On the other hand, physical signs of addiction to depressant drugs such as benzodiazepines (Xanax, Valium, Klonopin, etc.) or opioids (heroin, fentanyl, oxycodone, hydrocodone, etc.) include:[4]

  • Unexplained weight loss or weight gain
  • Constricted or pinpoint pupils
  • Itching
  • Pale skin or flushing of the face and skin
  • Moving more slowly than usual
  • Falling asleep or drifting in and out of a state of consciousness
  • Slowed reaction time
  • Decreased heart rate and breathing

Some substances, such as meth, are infamous for causing decaying teeth, gum disease, or “meth mouth.” Alcohol is known for causing liver damage, kidney damage, muscle loss, and premature aging. Marijuana can cause bloodshot eyes and an increased appetite.

Further, the method of administration of substances can lead to additional physical changes. For example, IV drug users may have track marks on their arms or abscesses at injection sites. People with a long history of snorting drugs may have a deviated septum, breathing problems, or loss of smell. Lastly, people who smoke substances may develop gum disease, lung disease, heart disease, and more.

Symptoms of Drug and Alcohol Withdrawal

One tell-tale sign of addiction is withdrawal. Withdrawal occurs when a person who is physically addicted to a substance stops using that substance abruptly. This is because, over time, the body gets used to having that substance in the body. The brain and body adapt to the substance and begin requiring the substance to function normally. And, when the substance isn’t consumed, the brain and body go into overdrive, resulting in uncomfortable, and sometimes life-threatening, withdrawal symptoms.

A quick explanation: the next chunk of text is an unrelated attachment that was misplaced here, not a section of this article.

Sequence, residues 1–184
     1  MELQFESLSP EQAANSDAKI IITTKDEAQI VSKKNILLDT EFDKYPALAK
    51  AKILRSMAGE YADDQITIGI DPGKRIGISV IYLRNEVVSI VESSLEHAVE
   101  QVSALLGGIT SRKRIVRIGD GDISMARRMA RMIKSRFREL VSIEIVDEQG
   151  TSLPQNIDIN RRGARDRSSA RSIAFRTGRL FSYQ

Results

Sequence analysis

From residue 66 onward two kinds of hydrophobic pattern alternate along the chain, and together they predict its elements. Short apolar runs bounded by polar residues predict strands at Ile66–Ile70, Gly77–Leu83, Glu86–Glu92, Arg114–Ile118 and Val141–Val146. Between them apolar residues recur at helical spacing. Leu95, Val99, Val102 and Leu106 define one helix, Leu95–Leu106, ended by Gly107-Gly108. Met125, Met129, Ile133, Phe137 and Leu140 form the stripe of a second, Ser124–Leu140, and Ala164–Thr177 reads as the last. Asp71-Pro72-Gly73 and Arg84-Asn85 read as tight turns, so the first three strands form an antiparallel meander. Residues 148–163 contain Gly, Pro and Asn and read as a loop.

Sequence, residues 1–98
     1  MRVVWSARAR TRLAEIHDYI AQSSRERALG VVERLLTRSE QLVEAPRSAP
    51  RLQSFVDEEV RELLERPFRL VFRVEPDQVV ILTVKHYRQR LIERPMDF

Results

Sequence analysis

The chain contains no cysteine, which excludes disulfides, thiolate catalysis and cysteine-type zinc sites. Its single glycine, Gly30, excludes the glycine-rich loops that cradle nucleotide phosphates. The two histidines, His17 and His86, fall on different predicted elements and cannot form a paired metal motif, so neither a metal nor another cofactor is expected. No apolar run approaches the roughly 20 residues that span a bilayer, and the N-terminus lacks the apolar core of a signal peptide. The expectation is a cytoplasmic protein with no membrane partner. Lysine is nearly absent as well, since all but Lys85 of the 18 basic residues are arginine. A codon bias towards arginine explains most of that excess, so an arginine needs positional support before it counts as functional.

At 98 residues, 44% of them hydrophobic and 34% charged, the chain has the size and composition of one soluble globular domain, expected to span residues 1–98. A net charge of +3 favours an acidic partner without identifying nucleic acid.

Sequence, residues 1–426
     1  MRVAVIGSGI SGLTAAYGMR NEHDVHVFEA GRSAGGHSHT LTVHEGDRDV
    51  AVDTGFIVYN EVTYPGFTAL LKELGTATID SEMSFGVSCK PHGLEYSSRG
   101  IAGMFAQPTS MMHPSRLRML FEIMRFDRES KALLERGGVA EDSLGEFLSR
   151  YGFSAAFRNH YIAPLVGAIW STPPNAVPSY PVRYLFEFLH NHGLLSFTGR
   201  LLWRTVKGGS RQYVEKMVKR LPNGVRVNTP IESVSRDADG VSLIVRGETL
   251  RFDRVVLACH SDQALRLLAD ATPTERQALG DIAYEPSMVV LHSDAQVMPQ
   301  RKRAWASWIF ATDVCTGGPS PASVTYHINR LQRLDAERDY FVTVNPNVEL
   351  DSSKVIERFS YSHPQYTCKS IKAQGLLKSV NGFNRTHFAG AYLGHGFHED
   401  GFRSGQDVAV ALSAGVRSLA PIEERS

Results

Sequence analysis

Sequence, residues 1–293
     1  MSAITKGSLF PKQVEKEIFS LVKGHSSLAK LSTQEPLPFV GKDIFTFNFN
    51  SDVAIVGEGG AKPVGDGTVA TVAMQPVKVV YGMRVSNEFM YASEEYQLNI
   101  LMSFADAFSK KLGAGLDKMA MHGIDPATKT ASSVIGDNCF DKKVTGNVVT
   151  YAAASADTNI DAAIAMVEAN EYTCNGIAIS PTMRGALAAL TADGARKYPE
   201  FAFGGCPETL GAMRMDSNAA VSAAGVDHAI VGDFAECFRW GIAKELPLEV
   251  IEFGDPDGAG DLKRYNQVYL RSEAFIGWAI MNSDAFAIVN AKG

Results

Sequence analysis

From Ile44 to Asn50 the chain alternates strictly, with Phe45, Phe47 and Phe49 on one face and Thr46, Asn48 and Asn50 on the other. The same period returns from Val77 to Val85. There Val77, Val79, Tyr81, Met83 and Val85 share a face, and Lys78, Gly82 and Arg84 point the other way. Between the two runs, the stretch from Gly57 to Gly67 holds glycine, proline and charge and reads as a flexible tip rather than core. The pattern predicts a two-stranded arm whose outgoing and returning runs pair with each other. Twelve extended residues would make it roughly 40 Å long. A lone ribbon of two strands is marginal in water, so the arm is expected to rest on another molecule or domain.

The exact symptoms of withdrawal a person experiences depends on the substance he or she was addicted to. However, withdrawal symptoms that are common across most addictive substances include:

Drug and Alcohol Withdrawal symptoms

  • Anxiety
  • Depression
  • Irritability
  • Mood swings
  • Paranoia
  • Nausea
  • Vomiting
  • Diarrhea
  • Stomach cramping
  • Muscle weakness
  • Body pain
  • Insomnia
  • Intense cravings

Some substances, like benzodiazepines and alcohol, may produce life-threatening seizures and delusions.[5] The longer a person has been using drugs or alcohol, the worse their symptoms will be.

Drug and alcohol withdrawal is best managed at a medical detox facility. The problem is not everyone who goes into withdrawal is ready to get help. Many people who struggle with addiction will occasionally run out of money or be unable to get their hands on the substance they are addicted to. Although they don’t want to go into withdrawal, doing so becomes a dreaded consequence of addiction that many addicts must face on a regular basis. Additionally, many people continue using substances simply to avoid going into withdrawal–even if they want to be sober.

Psychological Signs of Addiction

Addiction doesn’t just affect a person’s body and behaviors–it also affects their mental and emotional well-being. Various ways substance abuse and addiction can affect a person’s mood include:

  • Sudden and unexplained mood swings
  • Aggressive or paranoid behavior